The past few months have been... busy. Vermont in August, Bermuda in September, Singapore in a few weeks, two editions down, one being assembled (long story), one outsourced to a freelancer I trust and one being planned. Oh and there was a major work crisis, now resolved.

I'm tired. But - onwards and upwards!


Ned

With every report, every despatch, every whisper, of how the region around Oldtown was recovering, he felt a lifting in his heart. The blight was vanishing from the Reach, there could not be the slightest doubt of that now. Wheat was standing taller, apples were ripening, grapes were plumper than before.

The prospect of famine in the Reach, something that had terrified him, was vanishing. And with it the fears of the Realm. The blight had been tied indeed to the Drowned God, who had somehow been driven into a frenzy to escape his prison by the Call, or so their theory ran.

And the death of the Drowned God was echoing in all kinds of places. According to Lord Hightower at least three innkeepers and four ships chandlers in Oldtown had been reported as having gone raving mad, screaming about the silence. Two had killed themselves, one by pounding his head against a stone wall and the other by calmly tying a sword to a door frame and then frantically running onto it to impale himself.

"Ironborn," Lord Hightower had said grimly, "Some pretending to be Reachmen. And devout enough in their belief in the Drowned God to be effectively Drowned Men. Father always wondered if the Ironborn had eyes in Oldtown. I would say yes, they had. No longer though."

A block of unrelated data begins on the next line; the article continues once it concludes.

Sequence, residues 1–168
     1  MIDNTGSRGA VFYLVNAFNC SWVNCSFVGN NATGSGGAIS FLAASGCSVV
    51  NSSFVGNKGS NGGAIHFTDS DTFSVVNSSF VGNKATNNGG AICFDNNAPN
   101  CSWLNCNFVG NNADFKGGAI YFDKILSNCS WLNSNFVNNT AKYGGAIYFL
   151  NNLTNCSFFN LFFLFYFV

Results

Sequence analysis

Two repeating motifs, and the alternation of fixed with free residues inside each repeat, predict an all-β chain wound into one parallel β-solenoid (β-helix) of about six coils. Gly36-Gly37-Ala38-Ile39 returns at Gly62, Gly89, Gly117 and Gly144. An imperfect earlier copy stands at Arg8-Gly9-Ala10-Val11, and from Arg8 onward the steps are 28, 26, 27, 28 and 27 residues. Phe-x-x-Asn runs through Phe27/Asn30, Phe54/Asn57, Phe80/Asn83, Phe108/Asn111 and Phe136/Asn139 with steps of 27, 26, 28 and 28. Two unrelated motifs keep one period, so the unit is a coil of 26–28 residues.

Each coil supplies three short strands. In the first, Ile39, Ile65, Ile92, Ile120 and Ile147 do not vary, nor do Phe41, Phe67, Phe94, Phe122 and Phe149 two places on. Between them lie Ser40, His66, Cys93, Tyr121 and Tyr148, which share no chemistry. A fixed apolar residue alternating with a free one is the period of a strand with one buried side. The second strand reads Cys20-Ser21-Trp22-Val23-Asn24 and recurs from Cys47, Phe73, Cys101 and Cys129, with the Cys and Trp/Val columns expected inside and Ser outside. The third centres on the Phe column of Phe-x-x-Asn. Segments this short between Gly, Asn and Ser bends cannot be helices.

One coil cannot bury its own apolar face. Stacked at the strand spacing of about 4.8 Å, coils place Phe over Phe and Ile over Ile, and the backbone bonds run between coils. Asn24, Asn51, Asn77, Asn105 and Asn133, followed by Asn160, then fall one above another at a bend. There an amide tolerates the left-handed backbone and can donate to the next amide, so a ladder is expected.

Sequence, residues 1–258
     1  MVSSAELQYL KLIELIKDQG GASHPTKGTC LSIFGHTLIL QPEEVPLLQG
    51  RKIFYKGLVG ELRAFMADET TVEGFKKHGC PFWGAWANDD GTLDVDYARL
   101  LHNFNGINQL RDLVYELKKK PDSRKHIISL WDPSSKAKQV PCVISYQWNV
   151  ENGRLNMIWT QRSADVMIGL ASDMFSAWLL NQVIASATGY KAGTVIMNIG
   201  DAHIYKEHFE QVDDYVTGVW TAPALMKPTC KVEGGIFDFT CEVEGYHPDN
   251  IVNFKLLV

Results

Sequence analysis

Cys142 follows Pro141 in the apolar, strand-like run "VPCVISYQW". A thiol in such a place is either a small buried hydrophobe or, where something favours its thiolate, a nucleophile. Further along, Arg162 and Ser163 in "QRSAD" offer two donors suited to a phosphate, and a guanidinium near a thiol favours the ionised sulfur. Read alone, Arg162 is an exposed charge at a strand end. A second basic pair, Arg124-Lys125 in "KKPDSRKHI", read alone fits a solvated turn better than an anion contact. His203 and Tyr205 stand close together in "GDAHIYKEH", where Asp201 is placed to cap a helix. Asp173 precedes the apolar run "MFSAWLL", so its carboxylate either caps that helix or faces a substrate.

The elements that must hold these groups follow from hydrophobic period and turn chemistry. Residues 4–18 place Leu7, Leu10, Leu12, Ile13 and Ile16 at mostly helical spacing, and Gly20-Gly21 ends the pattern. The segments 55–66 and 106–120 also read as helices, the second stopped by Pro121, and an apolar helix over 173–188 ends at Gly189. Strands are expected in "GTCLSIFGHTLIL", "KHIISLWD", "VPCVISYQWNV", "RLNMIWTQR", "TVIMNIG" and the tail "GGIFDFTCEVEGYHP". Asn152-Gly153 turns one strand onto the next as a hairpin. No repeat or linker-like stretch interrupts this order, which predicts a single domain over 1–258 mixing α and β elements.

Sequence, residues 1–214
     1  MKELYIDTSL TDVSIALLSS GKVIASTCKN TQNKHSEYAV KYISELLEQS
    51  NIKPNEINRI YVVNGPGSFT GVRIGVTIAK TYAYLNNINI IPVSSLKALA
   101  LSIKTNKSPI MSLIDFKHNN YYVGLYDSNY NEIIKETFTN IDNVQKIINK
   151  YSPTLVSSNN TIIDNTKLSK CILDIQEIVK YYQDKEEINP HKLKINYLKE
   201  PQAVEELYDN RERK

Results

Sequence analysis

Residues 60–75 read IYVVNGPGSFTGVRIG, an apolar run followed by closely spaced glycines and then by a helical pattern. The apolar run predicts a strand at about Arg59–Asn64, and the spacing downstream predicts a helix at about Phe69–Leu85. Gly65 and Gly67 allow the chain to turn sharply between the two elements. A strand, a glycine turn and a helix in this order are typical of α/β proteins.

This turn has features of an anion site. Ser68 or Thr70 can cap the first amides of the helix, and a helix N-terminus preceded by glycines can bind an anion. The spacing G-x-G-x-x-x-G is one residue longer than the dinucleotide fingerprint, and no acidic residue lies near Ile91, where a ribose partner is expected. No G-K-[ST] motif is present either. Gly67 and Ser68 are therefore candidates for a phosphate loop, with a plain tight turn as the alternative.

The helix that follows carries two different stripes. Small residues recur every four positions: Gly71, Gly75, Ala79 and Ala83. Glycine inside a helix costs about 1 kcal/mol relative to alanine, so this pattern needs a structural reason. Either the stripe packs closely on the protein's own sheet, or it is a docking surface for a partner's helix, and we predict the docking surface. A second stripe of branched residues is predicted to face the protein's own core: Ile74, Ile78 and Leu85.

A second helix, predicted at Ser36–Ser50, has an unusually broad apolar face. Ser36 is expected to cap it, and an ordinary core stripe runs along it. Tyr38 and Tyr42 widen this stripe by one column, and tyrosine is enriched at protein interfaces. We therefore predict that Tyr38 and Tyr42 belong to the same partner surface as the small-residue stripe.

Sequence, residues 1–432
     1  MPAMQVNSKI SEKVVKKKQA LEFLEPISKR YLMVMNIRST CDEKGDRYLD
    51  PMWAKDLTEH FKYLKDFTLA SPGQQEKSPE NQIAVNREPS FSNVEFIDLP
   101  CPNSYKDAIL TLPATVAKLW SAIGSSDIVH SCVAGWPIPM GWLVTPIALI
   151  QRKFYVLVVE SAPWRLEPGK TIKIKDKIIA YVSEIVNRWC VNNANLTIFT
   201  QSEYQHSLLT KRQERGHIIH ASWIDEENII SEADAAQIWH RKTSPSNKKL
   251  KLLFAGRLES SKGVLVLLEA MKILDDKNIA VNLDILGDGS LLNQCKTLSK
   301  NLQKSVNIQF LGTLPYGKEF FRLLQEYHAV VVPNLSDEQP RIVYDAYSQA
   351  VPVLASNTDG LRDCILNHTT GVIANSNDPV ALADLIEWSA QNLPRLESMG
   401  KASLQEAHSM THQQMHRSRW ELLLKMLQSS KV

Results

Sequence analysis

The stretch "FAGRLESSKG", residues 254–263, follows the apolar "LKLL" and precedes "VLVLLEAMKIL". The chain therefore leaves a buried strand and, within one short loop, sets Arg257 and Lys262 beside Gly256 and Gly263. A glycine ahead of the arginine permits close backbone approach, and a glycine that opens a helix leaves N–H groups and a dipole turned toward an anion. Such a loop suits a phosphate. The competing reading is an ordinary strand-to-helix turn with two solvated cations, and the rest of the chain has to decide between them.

Maybe. Perhaps not. Oldtown was a huge city and he wondered how many other inhabitants of the docks would turn out to have ties to the Iron Islands.

He sighed and looked down at the map he had been studying for some time now. He wanted to be away from the South as soon as he could arrange it. Starks did not prosper in the South and he would not feel safe until he was home in the North. 'Safe.' That was a relative word was it not, with the Others marching on the Wall, with war looming over them all.

But he could not go, not yet. He had a promise to keep. He needed to go into Dorne and bring back Willam Dustin's bones. He'd promised Barbery Dustin that he'd do so and he could not go back on his word. He had to do it, he had to go there, he couldn't send someone to do it.

Too many eyes were on him now and he felt… uneasy about it all. He didn't want to go to that accursed place, but he had to. He sighed again and rubbed a hand over his face. Well. Perhaps a quick visit to Highgarden, to discuss supplies for the North and then a quick and quiet – if that could be arranged – ride to the Princes Pass and the place where the Tower of Joy had once stood.

If he could curse Rhaegar Targaryen for nothing else, it would be for that utterly cruel name. The Tower of Joy. The place where his sister was raped repeatedly and finally died. He had pulled most of the place down to make the cairns for the dead, even Hightower, Whent and poor anguished Arthur Dayne.